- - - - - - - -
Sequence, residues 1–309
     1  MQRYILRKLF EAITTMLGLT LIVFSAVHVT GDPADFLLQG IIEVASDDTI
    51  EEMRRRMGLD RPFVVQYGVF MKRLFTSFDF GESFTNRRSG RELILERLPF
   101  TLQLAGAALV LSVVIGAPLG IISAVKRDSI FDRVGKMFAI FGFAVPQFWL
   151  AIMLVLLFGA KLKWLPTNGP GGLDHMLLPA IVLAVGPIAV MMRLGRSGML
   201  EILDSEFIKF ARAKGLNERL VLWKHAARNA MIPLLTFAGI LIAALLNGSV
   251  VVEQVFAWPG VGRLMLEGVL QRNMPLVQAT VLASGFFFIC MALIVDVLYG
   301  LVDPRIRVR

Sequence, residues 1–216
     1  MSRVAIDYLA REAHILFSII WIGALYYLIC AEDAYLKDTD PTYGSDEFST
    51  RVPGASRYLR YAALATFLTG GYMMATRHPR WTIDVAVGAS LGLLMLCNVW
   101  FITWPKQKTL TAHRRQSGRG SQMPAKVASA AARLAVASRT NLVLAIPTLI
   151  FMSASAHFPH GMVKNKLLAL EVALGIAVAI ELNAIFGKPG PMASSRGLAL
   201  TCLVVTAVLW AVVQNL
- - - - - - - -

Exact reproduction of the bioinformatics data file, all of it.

Sequence, residues 1–309
     1  MQRYILRKLF EAITTMLGLT LIVFSAVHVT GDPADFLLQG IIEVASDDTI
    51  EEMRRRMGLD RPFVVQYGVF MKRLFTSFDF GESFTNRRSG RELILERLPF
   101  TLQLAGAALV LSVVIGAPLG IISAVKRDSI FDRVGKMFAI FGFAVPQFWL
   151  AIMLVLLFGA KLKWLPTNGP GGLDHMLLPA IVLAVGPIAV MMRLGRSGML
   201  EILDSEFIKF ARAKGLNERL VLWKHAARNA MIPLLTFAGI LIAALLNGSV
   251  VVEQVFAWPG VGRLMLEGVL QRNMPLVQAT VLASGFFFIC MALIVDVLYG
   301  LVDPRIRVR

Sequence, residues 1–216
     1  MSRVAIDYLA REAHILFSII WIGALYYLIC AEDAYLKDTD PTYGSDEFST
    51  RVPGASRYLR YAALATFLTG GYMMATRHPR WTIDVAVGAS LGLLMLCNVW
   101  FITWPKQKTL TAHRRQSGRG SQMPAKVASA AARLAVASRT NLVLAIPTLI
   151  FMSASAHFPH GMVKNKLLAL EVALGIAVAI ELNAIFGKPG PMASSRGLAL
   201  TCLVVTAVLW AVVQNL